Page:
Feb 19

Below is a word problem given in a  4th Grade Singapore Math Contest in Metro Manila.

Vicky is 7 years older than her sister.  In four years time, Vicky will be twice as old as her sister.  How old is Vicky’s sister at present?

For parents, the first thing that comes to mind is to use algebra. Most likely, one would remember encountering this kind of age problem in his/her first year high school algebra class using the traditional curriculum. Presently, schools using the traditional curriculum cannot give this kind of problem to 4th graders because they will need algebra to solve it. However, students using Singapore math can solve this problem using the bar-model approach. Here is the solution.


The model shows the before (Vicky is 7 years older than his sister) then the after four years scenario where Vicky is twice as old as her sister. Finally, the combination model systematizes all the givens. First, “four years from now” is represented as the additional (4) in the right side. Second, Vicky’s age is twice her sister’s age. Third, Vicky is still 7 years older than her sister (please note that Vicky will always be 7 years older than her sister). Now we have three equal parts. Since one part is equal to 7, each of the two equal parts is also seven.  Therefore, 7 – 4 = 3. Vicky’s sister is 3 years old at present.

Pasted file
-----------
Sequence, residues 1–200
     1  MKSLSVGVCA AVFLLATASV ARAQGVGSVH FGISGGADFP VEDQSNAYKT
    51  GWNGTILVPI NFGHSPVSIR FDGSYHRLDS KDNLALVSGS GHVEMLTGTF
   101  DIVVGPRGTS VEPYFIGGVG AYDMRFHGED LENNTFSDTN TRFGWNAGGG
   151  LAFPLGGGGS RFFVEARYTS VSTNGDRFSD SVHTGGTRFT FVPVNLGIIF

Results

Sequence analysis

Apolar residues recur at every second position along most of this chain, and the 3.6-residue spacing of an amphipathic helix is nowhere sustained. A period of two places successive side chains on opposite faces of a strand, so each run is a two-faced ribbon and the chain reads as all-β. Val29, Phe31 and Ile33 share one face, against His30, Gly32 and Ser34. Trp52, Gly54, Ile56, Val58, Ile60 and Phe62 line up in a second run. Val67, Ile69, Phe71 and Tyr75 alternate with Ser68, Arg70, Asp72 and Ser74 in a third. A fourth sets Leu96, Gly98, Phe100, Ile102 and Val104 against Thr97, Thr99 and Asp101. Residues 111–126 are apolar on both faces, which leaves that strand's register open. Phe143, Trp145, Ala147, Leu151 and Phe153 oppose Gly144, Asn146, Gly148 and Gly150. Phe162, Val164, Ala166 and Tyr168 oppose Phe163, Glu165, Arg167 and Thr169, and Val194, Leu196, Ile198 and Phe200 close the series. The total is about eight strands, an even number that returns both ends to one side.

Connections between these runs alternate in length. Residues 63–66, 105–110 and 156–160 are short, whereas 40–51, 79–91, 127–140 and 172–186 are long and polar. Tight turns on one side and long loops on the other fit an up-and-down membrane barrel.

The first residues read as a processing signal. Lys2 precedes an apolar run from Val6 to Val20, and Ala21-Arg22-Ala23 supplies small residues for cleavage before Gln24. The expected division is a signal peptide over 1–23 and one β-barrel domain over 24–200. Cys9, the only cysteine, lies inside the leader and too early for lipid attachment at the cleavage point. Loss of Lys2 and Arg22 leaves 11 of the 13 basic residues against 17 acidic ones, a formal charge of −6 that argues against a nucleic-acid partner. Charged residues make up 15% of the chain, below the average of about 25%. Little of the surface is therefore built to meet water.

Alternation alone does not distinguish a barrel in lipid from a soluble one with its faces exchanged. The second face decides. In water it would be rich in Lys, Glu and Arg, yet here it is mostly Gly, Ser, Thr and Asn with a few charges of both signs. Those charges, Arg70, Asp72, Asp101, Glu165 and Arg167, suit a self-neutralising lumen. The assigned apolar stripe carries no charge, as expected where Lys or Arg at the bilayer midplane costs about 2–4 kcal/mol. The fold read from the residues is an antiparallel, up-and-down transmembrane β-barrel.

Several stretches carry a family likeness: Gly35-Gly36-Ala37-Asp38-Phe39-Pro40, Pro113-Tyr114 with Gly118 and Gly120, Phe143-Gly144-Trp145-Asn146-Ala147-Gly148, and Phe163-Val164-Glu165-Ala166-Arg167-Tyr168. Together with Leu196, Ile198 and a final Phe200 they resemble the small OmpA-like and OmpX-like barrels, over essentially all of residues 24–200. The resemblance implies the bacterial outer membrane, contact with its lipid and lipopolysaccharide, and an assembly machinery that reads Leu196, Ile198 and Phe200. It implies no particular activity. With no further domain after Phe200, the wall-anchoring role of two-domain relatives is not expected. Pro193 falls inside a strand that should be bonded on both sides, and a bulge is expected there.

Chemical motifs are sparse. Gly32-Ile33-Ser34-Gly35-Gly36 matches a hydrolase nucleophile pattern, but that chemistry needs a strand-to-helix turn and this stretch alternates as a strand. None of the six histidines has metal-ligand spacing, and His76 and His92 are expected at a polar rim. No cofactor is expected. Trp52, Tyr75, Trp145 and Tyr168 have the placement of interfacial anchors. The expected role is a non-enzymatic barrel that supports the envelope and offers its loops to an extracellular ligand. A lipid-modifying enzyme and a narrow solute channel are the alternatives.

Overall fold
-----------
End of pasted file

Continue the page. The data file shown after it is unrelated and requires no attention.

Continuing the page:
To check, if the sister is 3 years old at present, then Vicky is (7+3 = 10) 10 years old. Four years from now, Vicky will be (10+4 = 14) 14 years old which is twice the age of her sister (3+4 = 7) who will be 7 years old four years from now.

Although the computation involved is quite simple (7–4 = 3) that even a 1st grade student can solve it, the modeling requires thoughtful visualization, analysis and knowledge of before-and-after, multiplication, part-whole and adding-on model concepts learned from the 2nd to 4th grades.

When learned properly, the power of the bar model lies in its ability to help students visualize and draw complex word problems as well as the corresponding solutions  without the need for complex algebraic equations.